The government has not said when Hunter and Scott streets will reopen but says testing on the track will begin late this year.

Mr Christian said he had requested a meeting with Ms Berejiklian via parliamentary secretary for the Hunter Scot MacDonald.

“We feel that the package we’ve got is going to deliver for businesses, so we want some air time with her to present what we feel is the right approach.”

Newcastle Now announced on Thursday the first stage of its relief plan, including free 12-hour consultations with business advisers and financial advice.
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Offline ozbob

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Re: Newcastle Light Rail
« Reply #26 on: June 14, 2018, 04:15:17 PM »
Newcastle Herald --> Civic Theatre is the first completed Newcastle light rail stop


TAKING SHAPE: The light rail stop at Civic. Picture: Jessica Brown

Quote
NEWCASTLE has its first light rail stop after the platform outside the Civic Theatre was completed.

The stop, in the shadow of the former Civic rail station, has its structural steel built in the Hunter. It was assembled off-site and trucked into position, with a 55-tonne road crane lifting the 6.5 tonne roof canopy into place.

The installation took about four hours, and makes the area the most complete section of the new light rail route so far.

The stop leads Honeysuckle, Crown Street, Market Street and Pacific Park as the first to come together.

Revitalising Newcastle program director Michael Cassel said Civic was taking shape as a central plaza for the city.

“Civic gives one of the most striking examples of Newcastle’s change over the past decade, and is very quickly turning into a place that is energised by people and new developments, such as the University’s NeW Space and law courts,” he said.

“Revitalising Newcastle is taking advantage of Civic’s location as the geographical heart of the city to enhance north-south connectivity through the city.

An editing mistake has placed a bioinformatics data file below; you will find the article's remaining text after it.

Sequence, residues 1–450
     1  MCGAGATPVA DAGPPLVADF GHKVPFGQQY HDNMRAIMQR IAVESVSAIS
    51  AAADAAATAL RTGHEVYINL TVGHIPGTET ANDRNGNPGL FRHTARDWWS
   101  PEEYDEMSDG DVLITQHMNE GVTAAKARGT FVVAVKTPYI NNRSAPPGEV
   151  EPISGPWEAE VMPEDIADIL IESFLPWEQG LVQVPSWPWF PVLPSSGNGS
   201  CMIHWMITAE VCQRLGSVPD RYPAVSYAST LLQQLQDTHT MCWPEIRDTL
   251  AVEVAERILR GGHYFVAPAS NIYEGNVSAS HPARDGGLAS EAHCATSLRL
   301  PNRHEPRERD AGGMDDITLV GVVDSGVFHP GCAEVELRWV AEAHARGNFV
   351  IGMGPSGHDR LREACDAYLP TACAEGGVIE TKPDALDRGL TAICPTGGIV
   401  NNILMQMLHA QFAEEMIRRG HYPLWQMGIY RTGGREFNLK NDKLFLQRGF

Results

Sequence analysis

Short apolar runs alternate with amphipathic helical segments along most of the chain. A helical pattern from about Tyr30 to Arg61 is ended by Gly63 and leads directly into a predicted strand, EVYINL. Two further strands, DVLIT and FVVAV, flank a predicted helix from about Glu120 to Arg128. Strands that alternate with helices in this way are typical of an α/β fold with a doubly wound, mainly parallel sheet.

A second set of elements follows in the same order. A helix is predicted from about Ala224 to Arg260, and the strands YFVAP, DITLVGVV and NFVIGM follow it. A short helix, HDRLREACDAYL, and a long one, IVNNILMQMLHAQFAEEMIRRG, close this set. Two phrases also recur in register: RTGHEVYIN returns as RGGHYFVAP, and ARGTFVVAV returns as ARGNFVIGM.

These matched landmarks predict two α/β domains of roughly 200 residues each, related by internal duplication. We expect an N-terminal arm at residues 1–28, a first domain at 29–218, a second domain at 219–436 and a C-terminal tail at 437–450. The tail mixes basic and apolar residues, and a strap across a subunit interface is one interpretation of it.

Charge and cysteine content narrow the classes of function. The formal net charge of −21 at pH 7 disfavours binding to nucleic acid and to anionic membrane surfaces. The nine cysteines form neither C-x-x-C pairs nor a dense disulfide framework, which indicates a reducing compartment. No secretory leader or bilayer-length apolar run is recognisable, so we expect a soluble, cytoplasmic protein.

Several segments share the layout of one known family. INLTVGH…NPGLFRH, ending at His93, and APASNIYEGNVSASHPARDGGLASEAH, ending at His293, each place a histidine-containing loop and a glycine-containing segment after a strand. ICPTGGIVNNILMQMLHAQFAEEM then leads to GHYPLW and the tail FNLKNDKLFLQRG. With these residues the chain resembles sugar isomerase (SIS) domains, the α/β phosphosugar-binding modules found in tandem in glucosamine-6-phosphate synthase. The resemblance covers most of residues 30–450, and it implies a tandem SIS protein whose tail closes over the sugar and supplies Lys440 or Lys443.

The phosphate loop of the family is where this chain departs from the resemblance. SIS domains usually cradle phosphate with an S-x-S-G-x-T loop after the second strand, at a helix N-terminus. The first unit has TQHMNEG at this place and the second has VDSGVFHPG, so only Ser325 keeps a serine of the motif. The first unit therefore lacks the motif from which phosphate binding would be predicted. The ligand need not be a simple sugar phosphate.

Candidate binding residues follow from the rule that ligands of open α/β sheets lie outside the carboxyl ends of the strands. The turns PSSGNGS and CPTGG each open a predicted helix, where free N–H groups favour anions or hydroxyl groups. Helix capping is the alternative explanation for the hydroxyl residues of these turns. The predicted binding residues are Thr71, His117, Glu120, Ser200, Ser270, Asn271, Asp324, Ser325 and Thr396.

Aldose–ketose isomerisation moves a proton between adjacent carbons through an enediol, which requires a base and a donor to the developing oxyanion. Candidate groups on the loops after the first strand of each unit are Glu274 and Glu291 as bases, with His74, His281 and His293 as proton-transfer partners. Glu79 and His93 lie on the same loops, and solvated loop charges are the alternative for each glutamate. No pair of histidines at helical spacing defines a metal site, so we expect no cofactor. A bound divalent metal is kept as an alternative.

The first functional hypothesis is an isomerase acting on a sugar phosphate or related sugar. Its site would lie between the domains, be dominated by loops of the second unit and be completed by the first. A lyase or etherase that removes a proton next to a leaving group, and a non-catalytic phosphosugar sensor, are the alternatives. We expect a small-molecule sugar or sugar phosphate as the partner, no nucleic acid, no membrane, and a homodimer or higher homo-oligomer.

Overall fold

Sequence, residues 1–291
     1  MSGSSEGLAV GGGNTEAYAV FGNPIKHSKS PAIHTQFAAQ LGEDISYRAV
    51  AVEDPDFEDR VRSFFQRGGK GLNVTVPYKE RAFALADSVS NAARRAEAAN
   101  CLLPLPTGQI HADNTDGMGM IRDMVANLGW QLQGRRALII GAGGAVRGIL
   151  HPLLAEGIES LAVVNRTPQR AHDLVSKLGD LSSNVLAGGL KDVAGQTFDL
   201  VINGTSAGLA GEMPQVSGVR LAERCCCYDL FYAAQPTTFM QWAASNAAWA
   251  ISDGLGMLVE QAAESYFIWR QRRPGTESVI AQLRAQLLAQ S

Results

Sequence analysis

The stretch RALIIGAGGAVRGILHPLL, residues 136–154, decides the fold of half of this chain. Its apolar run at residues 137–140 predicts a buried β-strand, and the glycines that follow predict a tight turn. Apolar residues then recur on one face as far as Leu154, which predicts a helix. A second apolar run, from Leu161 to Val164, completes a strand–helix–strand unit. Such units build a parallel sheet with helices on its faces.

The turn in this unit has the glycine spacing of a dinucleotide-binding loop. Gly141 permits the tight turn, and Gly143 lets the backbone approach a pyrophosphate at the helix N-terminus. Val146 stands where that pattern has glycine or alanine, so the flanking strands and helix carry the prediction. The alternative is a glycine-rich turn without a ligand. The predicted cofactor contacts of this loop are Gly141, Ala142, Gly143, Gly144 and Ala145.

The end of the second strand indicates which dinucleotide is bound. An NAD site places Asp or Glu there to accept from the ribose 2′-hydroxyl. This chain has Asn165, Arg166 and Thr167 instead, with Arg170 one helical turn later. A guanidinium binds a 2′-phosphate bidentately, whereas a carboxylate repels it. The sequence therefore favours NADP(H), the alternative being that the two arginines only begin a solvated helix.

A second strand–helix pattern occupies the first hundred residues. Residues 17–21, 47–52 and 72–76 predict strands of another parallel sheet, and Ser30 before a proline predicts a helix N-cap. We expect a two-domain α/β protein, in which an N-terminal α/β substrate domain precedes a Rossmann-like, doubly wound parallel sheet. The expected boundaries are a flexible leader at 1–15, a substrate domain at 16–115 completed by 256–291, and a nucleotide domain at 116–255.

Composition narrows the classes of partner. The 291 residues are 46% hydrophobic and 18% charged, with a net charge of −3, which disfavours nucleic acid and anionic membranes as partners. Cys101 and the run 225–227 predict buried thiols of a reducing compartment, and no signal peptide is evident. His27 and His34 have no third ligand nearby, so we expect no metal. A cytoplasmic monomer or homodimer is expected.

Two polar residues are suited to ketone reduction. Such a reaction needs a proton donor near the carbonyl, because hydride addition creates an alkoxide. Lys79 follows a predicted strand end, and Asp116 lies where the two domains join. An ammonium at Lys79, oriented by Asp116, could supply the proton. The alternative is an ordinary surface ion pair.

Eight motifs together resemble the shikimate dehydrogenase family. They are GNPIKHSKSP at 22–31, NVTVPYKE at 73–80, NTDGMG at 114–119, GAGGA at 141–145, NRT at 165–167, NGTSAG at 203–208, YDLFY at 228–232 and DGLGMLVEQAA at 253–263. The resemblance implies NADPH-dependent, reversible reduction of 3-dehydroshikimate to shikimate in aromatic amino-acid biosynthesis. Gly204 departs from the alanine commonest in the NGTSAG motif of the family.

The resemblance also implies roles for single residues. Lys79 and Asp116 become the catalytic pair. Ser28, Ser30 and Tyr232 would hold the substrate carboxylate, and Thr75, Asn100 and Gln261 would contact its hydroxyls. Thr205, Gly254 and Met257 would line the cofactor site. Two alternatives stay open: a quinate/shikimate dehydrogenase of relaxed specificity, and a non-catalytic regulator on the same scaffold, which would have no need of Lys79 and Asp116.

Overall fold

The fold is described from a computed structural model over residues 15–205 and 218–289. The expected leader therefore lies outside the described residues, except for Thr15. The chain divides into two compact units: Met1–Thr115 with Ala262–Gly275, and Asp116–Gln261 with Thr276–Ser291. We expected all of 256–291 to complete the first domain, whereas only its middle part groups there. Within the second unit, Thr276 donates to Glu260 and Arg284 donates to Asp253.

“Our vision for the precinct is taking shape, with new widened footpaths, completed track with traffic on the road, and now the first of our light rail stops, which will soon be the primary jumping-off point for the Civic Theatre and the University, Newcastle Museum and the Art Gallery, and cafés, restaurants and bars from Darby Street right through to Honeysuckle.

Mr Cassel said work was on track to have trams out for testing this year. Light rail is expected to be operational in early 2019.

The ongoing works include a third and final scheduled closure of Stewart Avenue from 7pm Friday between the Honeysuckle drive turn-off and Hunter Street. It is slated to reopen 5am Monday.
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Offline verbatim9

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Re: Newcastle Light Rail
« Reply #27 on: June 15, 2018, 11:39:43 AM »
It's looking good! That whole precinct will look great when finished. It really needed the Light Rail to get things kick started.

Offline ozbob

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Re: Newcastle Light Rail
« Reply #28 on: August 05, 2018, 01:38:10 PM »
https://twitter.com/SamBurbury/status/1025600926172598273
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Offline ozbob

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Re: Newcastle Light Rail
« Reply #29 on: September 08, 2018, 03:37:35 AM »
https://twitter.com/Robert_Dow/status/1038118413594374145
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Offline ozbob